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I have to say I'd never heard of Eisbery Alcohol Free Wine and really, had you asked me a few years ago, I wouldn't have seen the point of it. When I have a party I usually get a few bottles of Schloer (grown up fizzy pop!) in for the drivers and non drinkers, usually females. I had never really had the reason to buy a non alcoholic wine.
Over Christmas 2010 however my mother in law bought me a bottle of white Eisbery Alcohol Free Wine as I was five months pregnant and pretty fed up of glasses of lemonade! I was sceptical, but on pouring it in the glass I was pretty impressed - it looks the real deal, still, and smells the real deal, too.
Taste wise I have to say it was pretty close to the mark - it's a perfectly drinkable wine-alike, and not too sweet, too, which is the problem with substituting for soft drinks generally. I enjoyed it, though I drank it in the house with my family at Christmas - I can't say I'd go to the effort to drink it on my own, I still wouldn't see the point. But it was Christmas, and it was a nice little treat to feel like I was still celebrating with a toast of almost the real thing, not that I am by any means a huge drinker.
I wouldn't drink this out of the house at five months pregnant though - I mean, Eisbery Alcohol Free Wine comes in a glass wine bottle with an authentic looking logo. I don't think I could bear the looks from people looking at a heavily pregnant woman seemingly drinking her way through a bottle of wine! It would be nice to take to a party, though, as not everyone provides alcohol free beverages other than the usual cola / lemonade / orange juice so it does make a nice change.
Overall for an alcohol free wine Eisbery Alcohol Free Wine in white is a good substitute, it looks and tastes like it's alcoholic counterpart, and it's a different way to join in celebrations and so on without having to spend the evening on fizzy drinks.
They've done well with this and for £4 a bottle (what my mother in law paid at Oddbins), I don't think it will break the bank. It's not an every day one for me, or for most people, but it has it's place and I think it's worthy of four stars out of five.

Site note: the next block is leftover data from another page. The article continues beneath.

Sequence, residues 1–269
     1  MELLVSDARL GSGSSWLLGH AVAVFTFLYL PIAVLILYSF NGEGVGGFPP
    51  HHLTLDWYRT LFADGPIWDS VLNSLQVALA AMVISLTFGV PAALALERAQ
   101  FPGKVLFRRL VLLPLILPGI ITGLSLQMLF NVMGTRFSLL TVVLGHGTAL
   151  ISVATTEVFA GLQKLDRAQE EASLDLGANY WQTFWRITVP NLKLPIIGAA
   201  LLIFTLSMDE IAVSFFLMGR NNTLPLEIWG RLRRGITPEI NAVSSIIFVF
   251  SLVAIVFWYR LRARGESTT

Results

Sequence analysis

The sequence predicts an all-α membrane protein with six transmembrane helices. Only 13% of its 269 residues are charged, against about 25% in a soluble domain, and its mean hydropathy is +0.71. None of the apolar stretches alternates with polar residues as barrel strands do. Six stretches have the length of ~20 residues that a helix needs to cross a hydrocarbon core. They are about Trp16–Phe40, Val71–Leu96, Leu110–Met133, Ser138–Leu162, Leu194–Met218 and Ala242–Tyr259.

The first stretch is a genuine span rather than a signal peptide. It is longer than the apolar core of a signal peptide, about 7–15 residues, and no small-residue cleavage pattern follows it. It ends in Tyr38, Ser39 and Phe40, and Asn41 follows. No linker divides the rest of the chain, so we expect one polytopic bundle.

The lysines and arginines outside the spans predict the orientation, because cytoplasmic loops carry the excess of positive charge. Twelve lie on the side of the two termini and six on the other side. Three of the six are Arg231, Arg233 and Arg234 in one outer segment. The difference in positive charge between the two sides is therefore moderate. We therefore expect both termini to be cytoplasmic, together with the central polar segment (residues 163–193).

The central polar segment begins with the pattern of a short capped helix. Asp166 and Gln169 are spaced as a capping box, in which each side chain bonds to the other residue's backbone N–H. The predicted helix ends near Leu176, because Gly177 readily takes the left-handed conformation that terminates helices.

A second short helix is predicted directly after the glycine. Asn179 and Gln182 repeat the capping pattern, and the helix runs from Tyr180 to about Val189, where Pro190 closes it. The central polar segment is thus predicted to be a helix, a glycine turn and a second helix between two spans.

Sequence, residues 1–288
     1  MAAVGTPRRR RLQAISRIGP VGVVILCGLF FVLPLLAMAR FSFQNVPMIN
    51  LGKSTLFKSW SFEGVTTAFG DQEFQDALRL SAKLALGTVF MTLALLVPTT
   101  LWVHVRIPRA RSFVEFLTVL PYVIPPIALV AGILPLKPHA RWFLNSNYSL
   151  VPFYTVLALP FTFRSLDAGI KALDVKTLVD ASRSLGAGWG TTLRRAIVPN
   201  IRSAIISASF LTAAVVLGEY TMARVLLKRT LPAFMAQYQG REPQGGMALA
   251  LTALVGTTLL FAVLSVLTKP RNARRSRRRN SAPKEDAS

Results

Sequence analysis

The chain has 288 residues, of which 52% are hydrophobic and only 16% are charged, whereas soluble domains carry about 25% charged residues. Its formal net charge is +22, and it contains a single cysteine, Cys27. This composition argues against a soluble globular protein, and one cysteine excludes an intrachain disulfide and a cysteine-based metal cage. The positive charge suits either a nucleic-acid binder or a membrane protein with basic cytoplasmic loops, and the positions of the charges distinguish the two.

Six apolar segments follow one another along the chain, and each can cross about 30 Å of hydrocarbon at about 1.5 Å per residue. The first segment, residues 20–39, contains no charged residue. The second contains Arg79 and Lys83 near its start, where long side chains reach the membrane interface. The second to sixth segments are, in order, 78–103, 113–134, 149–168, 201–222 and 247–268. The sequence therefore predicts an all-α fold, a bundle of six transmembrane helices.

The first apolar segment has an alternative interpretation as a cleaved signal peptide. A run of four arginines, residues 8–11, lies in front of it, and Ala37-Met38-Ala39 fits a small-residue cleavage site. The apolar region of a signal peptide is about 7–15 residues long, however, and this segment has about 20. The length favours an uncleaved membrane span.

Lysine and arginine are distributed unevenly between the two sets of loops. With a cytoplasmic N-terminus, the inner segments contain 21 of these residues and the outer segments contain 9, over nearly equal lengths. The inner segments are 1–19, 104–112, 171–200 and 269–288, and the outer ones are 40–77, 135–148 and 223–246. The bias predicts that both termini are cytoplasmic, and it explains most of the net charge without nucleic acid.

I first came across Eisberg Alcohol Free wines when I was pregnant with my son and I was off to a friends house and wanted to feel more included in terms of drinking and I am not a fan of carbonated drinks so would end up drinking water or decaffeinated tea or coffee, which does not always go with food. The wine can be purchased from most supermarkets for around £3.50.
The wines have an alcohol content of 0.05% per 75cl bottle. You can buy a Riesling, Chardonnay, Rose and Cabernet Sauvignon. Each bottle is made of glass and has a screw top lid that is easy to twist off and does not leak if lay down in the fridge to keep it chilled.
I tried them all during the course of my pregnancy and found I preferred the Riesling to the others. The Riesling tasted of honey, apples and slightly of melons, which was pleasant to drink and really did taste like wine, at the time, now I am no longer pregnant I would not drink this again in a hurry as I prefer alcoholic wine, but for what it is I would recommend this too others who cannot drink alcohol for whatever reasons and it is also a nice way of feeling like everyone else if they are all drinking.
The Chardonnay was ok and tasted vaguely of apples and vanilla, the Rose was not so nice, as it had a dry after taste, but was also rather sweet, tasting of cherries and strawberries, the cabernet sauvignon as quite full bodied and plumy in taste, though it lacked a punch.
Overall I would recommend these non alcoholic wines to others as they taste ok and serve a purpose, you can drink them and still drive, they are well priced and they are a good alternative for people who cannot, or choose not to drink alcohol whilst at a dinner party.
First things first, I should admit that I work in a wine shop. In said wine shop, we sell wines from £3.99 up to... well generally we don't sell anything over £50. Obviously, its par for the course that I have an interest in wine and I get to taste my fair share of different wine.